The faculty member, whose opinion I very much respect, asked me if I "really" think any third world country can nationalize any strategic resource in the year 2002, under the super-liberal and globalized context of international political economy. I said: "Look at what Hugo Chavez is doing in Venezuela. He nationalized the oil industry and his country is the not only the fourth largest oil producer in the world, but also one of the five founding members of OPEC. And what could the major powers of the international system do against this 'enemy of the system'? Nothing." Well, last week, someone tried to do that and failed. When I heard news of the coup in Venezuela, I said to myself, "I should have known it beforehand." It was apparent, especially after Saddam decided to cut the flow of Iraqi oil, that it would be intolerable to let Chavez remain in power in Venezuela. God knows what he would do! The three oil-producing "rogue states" of Iraq, Iran, and Libya on the one side, and the democratically elected, popular "rogue-man" Hugo Chavez on the other, could plunge the world into another oil crisis, as the Arab League did in 1973. The headlines said, "New Venezuela leader installed: Venezuela's military backed a leading businessman as interim president Friday only hours after President Hugo Chavez was forced to resign…" (Chicago Tribune, April 13)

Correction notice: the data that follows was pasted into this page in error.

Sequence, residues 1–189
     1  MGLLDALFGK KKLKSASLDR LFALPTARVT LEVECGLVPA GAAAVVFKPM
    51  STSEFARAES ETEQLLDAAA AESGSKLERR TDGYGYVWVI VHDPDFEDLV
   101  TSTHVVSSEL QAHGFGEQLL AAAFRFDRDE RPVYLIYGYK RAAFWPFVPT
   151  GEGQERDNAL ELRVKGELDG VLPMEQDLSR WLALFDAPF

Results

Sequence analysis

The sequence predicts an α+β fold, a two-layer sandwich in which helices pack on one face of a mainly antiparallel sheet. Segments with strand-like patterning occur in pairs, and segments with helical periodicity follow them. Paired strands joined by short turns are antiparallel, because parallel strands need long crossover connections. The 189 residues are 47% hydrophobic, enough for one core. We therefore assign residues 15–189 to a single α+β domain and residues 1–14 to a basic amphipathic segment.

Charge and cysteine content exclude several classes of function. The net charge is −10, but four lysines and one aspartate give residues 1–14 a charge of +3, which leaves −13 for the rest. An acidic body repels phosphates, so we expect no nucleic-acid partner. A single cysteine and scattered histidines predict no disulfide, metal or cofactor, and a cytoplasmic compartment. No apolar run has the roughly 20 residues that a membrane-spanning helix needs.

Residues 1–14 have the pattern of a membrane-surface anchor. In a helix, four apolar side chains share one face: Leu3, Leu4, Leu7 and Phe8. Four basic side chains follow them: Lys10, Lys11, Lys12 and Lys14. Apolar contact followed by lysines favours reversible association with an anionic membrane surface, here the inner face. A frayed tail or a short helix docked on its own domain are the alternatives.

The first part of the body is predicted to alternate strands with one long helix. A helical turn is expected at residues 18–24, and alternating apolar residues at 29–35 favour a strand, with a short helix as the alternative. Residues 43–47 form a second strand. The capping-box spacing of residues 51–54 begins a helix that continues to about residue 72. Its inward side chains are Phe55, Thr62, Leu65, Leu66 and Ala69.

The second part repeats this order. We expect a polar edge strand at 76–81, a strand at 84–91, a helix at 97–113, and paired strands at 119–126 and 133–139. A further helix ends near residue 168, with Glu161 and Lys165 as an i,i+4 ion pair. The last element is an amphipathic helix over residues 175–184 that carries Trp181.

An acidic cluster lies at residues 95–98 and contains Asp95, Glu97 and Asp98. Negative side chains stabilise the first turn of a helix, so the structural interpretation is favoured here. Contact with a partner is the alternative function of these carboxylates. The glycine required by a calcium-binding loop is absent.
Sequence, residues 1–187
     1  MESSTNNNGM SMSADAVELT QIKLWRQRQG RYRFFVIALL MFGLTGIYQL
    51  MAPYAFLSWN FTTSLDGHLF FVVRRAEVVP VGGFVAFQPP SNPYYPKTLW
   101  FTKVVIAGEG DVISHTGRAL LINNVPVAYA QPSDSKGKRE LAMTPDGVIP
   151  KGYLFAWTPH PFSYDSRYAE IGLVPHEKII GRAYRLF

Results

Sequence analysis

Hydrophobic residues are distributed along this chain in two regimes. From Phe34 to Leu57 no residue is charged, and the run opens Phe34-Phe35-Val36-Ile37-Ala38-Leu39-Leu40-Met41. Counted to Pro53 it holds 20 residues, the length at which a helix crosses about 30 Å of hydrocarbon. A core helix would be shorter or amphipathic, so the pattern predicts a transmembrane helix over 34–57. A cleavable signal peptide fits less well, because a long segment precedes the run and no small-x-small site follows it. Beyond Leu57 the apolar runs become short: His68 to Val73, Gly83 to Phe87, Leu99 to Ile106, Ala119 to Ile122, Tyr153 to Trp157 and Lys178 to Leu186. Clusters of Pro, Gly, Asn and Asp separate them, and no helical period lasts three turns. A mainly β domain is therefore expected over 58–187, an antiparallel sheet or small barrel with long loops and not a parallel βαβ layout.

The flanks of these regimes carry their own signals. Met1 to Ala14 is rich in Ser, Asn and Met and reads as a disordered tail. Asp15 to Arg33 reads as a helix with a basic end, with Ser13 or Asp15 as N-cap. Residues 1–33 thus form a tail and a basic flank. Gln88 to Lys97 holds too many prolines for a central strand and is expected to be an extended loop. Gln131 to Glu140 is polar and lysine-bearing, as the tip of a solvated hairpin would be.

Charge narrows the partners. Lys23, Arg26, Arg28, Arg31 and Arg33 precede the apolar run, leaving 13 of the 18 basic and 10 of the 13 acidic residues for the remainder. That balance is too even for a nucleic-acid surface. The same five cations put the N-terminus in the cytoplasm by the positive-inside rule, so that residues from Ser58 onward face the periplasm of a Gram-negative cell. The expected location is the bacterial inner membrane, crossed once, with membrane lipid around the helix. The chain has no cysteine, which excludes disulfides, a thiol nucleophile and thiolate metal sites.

What was the Bush administration's response to this? "U.S. offers no regrets over ouster of Chavez—The Bush administration could hardly restrain its glee Friday over the overthrow of President Hugo Chavez in Venezuela, saying that his ouster was the result of a popular uprising against his violent crackdown on protesters… Ari Fleischer said police and military stood by and refused to support the government's role in such human rights violations…There were not expressed regrets over Chavez's [supposed] resignation…The new Venezuelan government announced Friday that it no longer would supply oil to Cuba. Under Chavez, Venezuela had sold Cuba up to 53,000 barrels a day at preferential rates" (Chicago Tribune, April 13). The major U.S. newspapers' take on the coup attempt in Venezuela was remarkable; none really criticized the Bush administration's support for a coup that overthrew a democratically elected president in Latin America and signaled the beginning of a new Pinochet-type dictatorship in the 21st century. This tragically demonstrates once again the level at which the editorial slant of the establishment press (The New York Times, Chicago Tribune, etc.) conforms to the completely anti-democratic foreign policy of the Bush administration, which has reached such a high degree that the government and the press can present a fascist-leaning coup as something favorable and "good." Despite the atrocious history of Latin American military dictators in the last 50 years and the tens of thousands of people killed under those military regimes, the Bush administration and the media cooperated in supporting the recent coup attempt in Venezuela. The form of support varied, of course, sometimes manifest in Condoleeza Rice's smile, sometimes in an obviously biased representation of causes and consequences in The Chicago Tribune.